Scripted Feature Film on the Life of Iconic Afro-Cuban Entertainer La Lupe, in the Works...
Photo Credit: S & A

Scripted Feature Film on the Life of Iconic Afro-Cuban Entertainer La Lupe, in the Works...


A film based on the life of Cuban-American pop singer Lupe Yoli, otherwise known as La Lupe, is in the works, with actress Lauren Veléz – whom you might know from Dexter, as well as New York Undercover, back in the day – starring and producing.

Veléz successfully raised over $100,000 on Kickstarter to help finance the film, which, according to the most recent Kickstarter update on the project’s page (dated March 13), will be directed by Dexter executive producer and writer, James Manos Jr., who also penned the script, for a film that will be titled They Call Me La Lupe.

Manos’ other credits include producing HBO’s hit series, The Sopranos, for which he won an Emmy.

Judy Reyes, another name you might recognize, is also on-board as both cast member and producer. We last saw her in Rashaad Ernesto Green’s acclaimed feature debut Gun Hill Road.

Described by her family as “just another black girl from Santiago,” La Lupe was renowned for her emotional performance style, for which she was famous worldwide. The legendary Cuban-born star was also a single mother of two, a survivor of domestic abuse, who later became an evangelist Christian speaker.

Born in Cuba in 1936, La Lupe first hit the local music scene in the 1950s. As the Cuban Revolution dawned, La Lupe, like many artists at the time, left Cuba, claiming, “There was no room in Cuba for me and the revolution.

She would emerge in New York City in the 1960s and 1970s as the Queen of Latin Soul, performing alongside renowned peers like Tito Puente and Celia Cruz.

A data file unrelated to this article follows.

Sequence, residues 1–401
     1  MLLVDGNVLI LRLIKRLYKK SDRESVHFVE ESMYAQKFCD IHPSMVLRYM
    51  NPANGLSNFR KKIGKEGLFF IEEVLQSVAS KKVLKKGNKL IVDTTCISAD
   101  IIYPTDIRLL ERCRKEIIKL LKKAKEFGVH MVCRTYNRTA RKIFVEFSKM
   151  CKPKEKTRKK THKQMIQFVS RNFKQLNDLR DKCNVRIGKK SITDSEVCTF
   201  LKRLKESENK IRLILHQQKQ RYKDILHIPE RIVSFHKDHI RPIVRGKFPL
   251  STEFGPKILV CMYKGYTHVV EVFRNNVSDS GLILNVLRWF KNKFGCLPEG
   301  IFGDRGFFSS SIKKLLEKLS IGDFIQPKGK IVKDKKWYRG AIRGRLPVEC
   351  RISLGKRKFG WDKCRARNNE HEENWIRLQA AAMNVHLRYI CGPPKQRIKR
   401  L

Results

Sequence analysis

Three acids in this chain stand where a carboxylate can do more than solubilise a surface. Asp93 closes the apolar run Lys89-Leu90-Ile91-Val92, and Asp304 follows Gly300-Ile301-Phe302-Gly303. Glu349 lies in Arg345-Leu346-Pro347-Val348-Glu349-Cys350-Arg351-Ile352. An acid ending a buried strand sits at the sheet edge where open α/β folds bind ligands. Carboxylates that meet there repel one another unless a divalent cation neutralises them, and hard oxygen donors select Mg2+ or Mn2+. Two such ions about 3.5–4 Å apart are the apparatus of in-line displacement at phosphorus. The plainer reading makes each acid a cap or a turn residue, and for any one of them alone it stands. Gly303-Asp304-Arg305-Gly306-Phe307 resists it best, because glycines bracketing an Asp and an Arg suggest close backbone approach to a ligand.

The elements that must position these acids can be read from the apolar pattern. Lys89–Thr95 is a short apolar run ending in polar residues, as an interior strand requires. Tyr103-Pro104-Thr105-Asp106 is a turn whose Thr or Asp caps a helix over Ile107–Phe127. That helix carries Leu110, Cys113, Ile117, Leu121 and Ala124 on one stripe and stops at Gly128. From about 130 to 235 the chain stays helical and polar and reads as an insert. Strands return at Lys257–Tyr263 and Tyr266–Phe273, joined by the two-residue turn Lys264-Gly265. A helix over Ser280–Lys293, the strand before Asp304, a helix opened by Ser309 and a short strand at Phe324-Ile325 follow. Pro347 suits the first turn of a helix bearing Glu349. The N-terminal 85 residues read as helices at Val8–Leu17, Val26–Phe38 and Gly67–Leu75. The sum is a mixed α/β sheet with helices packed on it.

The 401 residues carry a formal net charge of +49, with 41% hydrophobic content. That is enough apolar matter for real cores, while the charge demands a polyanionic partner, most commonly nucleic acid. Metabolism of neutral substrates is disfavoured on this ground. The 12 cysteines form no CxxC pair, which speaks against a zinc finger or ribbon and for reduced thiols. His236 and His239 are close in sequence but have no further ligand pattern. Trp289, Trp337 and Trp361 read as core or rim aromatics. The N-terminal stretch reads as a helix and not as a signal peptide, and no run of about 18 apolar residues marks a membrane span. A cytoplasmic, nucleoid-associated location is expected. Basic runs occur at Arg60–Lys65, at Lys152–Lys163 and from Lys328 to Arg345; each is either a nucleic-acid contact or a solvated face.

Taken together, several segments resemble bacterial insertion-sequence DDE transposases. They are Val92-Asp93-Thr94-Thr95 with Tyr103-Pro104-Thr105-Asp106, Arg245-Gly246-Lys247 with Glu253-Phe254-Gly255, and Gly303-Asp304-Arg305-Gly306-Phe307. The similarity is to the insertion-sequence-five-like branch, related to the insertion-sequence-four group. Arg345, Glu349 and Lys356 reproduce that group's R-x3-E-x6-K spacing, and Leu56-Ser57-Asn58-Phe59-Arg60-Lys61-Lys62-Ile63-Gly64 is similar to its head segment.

A long-time gay icon, La Lupe was said to be ahead of her time. But by 1975, her career was on the decline. Fania Records, with whom she was signed, ended her contract, and Lupe became destitute.

By 1985, she had rebounded from homelessness, and having been a lifelong practitioner of Santeria, she then became a born-again Christian preacher.

Pedro Almodóvar’s use of La Lupe’s song Puro Teatro, in his 1988 film, Women on the Verge of a Nervous Breakdown, rekindled interest in her music.

Unfortunately, she would die a few years later, in 1992, survived by her husband, and two children.

10 years later, in 2002, here in NYC, East 140 Street in the Bronx, was renamed La Lupe Way.

It’s been somewhat of a dream project for Brooklyn-born actress Lauren Vélez, who resurrected La Lupe in a one-woman show 2 years ago, called They Call Me La Lupe (the title of the film as well) at Teatro LATEA here in NYC.

There was a 2007 PBS documentary on La Lupe, titled La Lupe: Queen of Latin Soul, but it doesn’t appear that Vélez was associated with that film.

No ETA yet on production dates, but I assume it’ll start soon, given that she surpassed her early fundraising goal, raising $101,157 last October.

Stay tuned…

Here’s a compilation of clips of La Lupe performing live (you’ll find lots of clips of her on YouTube):

Shadow and Act is a website dedicated to cinema, television and web content of Africa and its global Diaspora. With daily news, interviews, in-depth investigations into the audiovisual industry, and more, Shadow and Act promotes content created by and about people of African descent throughout the world.

© 2023 Shadow & Act. All rights reserved.